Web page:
Over the next few months I’m going to be doing a series of posts on sex slavery. In southeast Asia it is basically an industry. Thailand actually has a tourist market for sex – mostly girls. Sri Lanka on the other hand is less well known to the public but has a huge sex trade for young boys. These are the areas that are among the most public. Eastern Europe has a much less public sex trade. And then there is the United States. Worldwide there are more than 20 million people in slavery. That’s more slaves than there were during the civil war.
We are starting to follow the efforts of The Exodus Road ( http://www.theexodusroad.com ) . They are a group helping women in Southeast Asia out of sex slavery. It’s one success story at a time, but the pipeline is being back filled almost as quickly as being rescued. While each success is important, the real value is that this is one of the more active regions for creating awareness of the problem. In contrast, the last real attention Sri Lanka got was when one of it’s more famous residents – Arthur C. Clarke had his knighting ceremony quietly rescheduled off the Queen’s schedule. Apparently he wasn’t living there for the tropical climate.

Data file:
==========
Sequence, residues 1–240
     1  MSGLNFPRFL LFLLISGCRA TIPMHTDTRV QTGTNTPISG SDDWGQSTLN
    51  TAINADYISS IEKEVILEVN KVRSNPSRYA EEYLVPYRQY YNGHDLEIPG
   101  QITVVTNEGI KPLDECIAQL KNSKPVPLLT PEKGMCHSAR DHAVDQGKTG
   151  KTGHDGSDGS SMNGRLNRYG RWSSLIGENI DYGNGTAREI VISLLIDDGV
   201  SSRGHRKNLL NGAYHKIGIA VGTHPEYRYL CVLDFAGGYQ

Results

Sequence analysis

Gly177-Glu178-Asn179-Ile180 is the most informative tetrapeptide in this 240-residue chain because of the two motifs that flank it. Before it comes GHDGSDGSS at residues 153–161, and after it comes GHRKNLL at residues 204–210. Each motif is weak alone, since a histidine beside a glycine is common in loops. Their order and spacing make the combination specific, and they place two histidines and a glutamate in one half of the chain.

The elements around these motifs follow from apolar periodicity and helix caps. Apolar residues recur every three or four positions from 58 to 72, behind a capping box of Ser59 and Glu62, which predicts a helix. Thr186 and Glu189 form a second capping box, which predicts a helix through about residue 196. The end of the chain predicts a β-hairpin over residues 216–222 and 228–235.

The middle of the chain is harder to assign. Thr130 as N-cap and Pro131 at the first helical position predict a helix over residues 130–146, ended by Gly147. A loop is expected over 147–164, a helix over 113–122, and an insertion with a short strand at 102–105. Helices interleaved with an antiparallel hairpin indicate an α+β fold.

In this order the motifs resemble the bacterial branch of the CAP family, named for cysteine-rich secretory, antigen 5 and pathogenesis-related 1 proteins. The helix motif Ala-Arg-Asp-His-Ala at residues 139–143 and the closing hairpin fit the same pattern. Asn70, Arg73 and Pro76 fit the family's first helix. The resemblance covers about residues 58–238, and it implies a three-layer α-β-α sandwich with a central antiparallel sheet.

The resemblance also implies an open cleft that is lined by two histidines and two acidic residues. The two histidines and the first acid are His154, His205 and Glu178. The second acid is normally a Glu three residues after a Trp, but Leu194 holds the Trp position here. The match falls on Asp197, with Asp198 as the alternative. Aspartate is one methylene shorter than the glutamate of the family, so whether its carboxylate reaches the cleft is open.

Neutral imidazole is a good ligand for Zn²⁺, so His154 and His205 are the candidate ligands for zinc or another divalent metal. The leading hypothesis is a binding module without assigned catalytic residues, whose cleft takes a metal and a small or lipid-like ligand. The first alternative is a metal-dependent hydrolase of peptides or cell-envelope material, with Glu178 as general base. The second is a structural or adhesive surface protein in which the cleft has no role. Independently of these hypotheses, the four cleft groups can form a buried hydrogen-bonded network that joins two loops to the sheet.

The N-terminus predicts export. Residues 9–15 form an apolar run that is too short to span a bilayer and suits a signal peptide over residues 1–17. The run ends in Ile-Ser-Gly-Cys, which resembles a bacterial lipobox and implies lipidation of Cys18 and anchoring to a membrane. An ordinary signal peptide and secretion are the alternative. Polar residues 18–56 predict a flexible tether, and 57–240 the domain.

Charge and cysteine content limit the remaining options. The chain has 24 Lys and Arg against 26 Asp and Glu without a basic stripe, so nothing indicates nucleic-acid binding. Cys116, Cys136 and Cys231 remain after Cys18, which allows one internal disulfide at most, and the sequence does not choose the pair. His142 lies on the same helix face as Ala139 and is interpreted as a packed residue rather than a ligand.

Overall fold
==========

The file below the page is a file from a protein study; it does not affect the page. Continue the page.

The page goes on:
The sex trafficking and slavery going on in the United States is much more subtle and doesn’t get nearly as much attention as it should. In my work with social service agencies, I see girls in residential care regularly being targeted for exploitation. Promises of money quickly turn to drugs and debt and eventually slavery. It’s happening in almost every major city and we barely see it. There is a perception that prostitution is a crime, and that the women performing sex for money are doing that of their own free will. Pimps aren’t just for protection and handling the money, they are generally the ones calling the shots. Girls are bought, sold, and traded like baseball cards. It’s not unlike what is happening in other parts of the world. We just need to wake up and start seeing the problem.